How to Root Plumeria Cuttings (12 Expert Tips)
A plumeria is a small, tropical tree with fragrant flowers. While it does produce seeds occasionally, starting from there can be unpredictable, so most people prefer to start from a cutting, which leads to better results. If you are thinking about growing this plant in your home but aren’t sure how to work with a cutting, keep reading as we list several tips and tricks to follow.
Before You Get Started
We recommend getting all your tools and supplies together first so you can complete the project in one go. Fortunately, you won’t need much and will likely have most of the items already.
Tools and Materials
- Coarse sand
- Potting soil
- Rooting hormone
- 1-gallon pots
- Heating pad (optional)
- Wooden skewers
- Pruning shears
- Rubbing alcohol
- Clean towel
The 12 Expert Tips on How to Root Plumeria Cuttings
1. Choose Your Cuttings
Choose the branches that you will use to create your cuttings. Pick healthy limbs that are 12–18 inches long. Those with several growing points on the end of the branch will produce a bushier plant, while those with a single growing point will be slimmer and more flower-like. Select your cuttings in spring or early summer for the best results.
2. Clip Your Cuttings
Clip the branches using a pair of sharp, clean pruning shears at a 45-degree angle. A sharp blade will minimize the risk of damaging the plant when you cut, and you can clean the blade between cuts using rubbing alcohol and a clean towel to help reduce the risk of transmitting pathogens to the plant or the cuttings.
3. Remove Leaves
Take off all leaves except those at the top of the cutting. Removing the leaves minimizes moisture loss and helps the cutting focus its energy on creating new roots, making it more likely to survive. However, don’t break off the leaves, or you might damage the cutting. Instead, cut them about ½ inch from the branch. If present, you will also want to remove any inflorescence that might prevent it from rooting.
4. Dip in Rooting Hormone
With the leaves removed, immediately dip the cut end of the cutting into the rooting hormone, as the longer you wait, the less it will help. Follow the instructions on your container to create the solution, which usually requires mixing a powder with water.
5. Dry the Cuttings
Once the cutting has root hormones on them, it’s time to dry it out. For roots to form, the cutting will need to callus, so place it in a warm, dry place out of direct sunlight. Make sure there is plenty of air circulation, and check the ends daily to ensure that they aren’t becoming soft. If one does become soft, trim to where it’s firm. Allow the cuttings to dry until the cut ends become hard, which usually takes 1–2 weeks, depending on the ambient temperature.
6. Prepare the Pots
You will want to plant each of your cuttings into a 1-gallon pot. To prepare the pots for soil, place 1–2 inches of small rocks or pebbles at the bottom to help them drain better and prevent standing water.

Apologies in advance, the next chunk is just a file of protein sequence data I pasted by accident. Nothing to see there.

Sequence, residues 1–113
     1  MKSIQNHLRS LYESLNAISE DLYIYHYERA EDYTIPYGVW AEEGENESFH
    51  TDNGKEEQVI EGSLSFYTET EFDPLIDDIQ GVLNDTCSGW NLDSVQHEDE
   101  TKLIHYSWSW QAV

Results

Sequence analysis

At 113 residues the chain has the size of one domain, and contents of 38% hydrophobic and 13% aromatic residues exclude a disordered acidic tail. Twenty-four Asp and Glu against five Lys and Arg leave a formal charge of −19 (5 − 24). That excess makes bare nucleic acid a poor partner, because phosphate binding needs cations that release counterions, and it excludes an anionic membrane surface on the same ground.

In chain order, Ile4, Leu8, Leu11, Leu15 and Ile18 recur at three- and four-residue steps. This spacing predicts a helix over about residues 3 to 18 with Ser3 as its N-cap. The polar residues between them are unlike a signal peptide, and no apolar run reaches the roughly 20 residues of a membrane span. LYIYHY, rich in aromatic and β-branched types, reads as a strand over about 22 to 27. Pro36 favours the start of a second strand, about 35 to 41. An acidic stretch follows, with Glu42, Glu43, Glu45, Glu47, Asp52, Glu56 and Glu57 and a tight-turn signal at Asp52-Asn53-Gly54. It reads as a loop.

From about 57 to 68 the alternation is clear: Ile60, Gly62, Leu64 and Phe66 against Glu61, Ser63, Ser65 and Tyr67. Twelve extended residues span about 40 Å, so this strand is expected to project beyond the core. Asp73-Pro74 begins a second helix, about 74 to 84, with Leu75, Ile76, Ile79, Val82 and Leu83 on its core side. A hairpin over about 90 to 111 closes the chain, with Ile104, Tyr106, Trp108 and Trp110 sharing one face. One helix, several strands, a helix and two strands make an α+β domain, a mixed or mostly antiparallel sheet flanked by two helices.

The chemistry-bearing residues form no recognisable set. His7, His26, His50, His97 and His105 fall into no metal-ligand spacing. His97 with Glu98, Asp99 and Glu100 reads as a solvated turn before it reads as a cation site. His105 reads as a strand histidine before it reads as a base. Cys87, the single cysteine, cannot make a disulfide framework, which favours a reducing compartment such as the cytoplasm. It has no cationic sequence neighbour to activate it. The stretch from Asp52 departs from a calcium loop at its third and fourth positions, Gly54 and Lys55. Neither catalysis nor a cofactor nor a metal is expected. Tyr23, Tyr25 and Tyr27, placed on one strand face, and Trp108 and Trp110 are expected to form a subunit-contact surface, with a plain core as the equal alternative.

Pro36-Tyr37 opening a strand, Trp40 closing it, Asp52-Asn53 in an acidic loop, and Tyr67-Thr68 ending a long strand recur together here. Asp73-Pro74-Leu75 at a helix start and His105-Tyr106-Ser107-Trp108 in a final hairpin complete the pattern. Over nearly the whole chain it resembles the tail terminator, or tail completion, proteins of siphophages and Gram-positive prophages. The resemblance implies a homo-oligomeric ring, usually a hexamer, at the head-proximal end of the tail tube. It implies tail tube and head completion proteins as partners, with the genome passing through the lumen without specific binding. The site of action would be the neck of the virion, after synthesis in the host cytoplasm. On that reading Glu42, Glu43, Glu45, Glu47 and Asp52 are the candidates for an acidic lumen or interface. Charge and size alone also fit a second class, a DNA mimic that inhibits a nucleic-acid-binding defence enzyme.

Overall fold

7. Prepare Your Soil
Once you callus the cutting, you can store them for several months. However, planting them sooner will yield better results. When you’re ready, prepare your soil by mixing equal parts of non-fertilized potting soil with perlite.
8. Fill the Pots
Fill the pots with the soil that you made, and moisten it so it holds together but doesn’t become soggy.
9. Plant the Cuttings
Make a hole that’s 3–5 inches deep and slightly wider than the diameter of your cuttings. Insert your cutting, and gently press the soil up against it. Keep it upright by placing wooden skewers or thin sticks around it and using string to tie them.
10. Provide Water and Sunshine
Place your pots in a warm and sunny location in your home. Water the plant directly at first, then use a spray bottle to mist the cuttings frequently to keep the soil moist but not soggy, watering only occasionally.
11. Add Heat
Since the plumeria is a tropical plant, adding a heating pad below the pot to warm the soil can help it grow faster. If you don’t want to use a heating pad, try placing the plant in an area where the floor naturally gets warm from sunlight and will transfer heat to the soil.
Once your cutting develops new leaves, you know that the roots are growing, and the more leaves, the more roots. Your plumeria cuttings should form good roots in 45–90 days, depending on the environment, with higher temperatures leading to faster growth.
Other Tips and Tricks
- Your cuttings should consist of recent growth from this or last season.
- Avoid taking green cuttings or those with flower buds.
- If your cutting looks wrinkled, soak it overnight in 1 gallon of warm water and ½ cup of hydrogen peroxide.
Rooting plumeria cuttings is not difficult. The most important part is selecting nice branches without flowers at least 12 inches long from a healthy tree. Drying the clipping out is a tedious step that can take up to 2 weeks, but once it’s over, you can create your potting soil and plant the cuttings, and in a few more weeks, you will see your new trees start springing to life.
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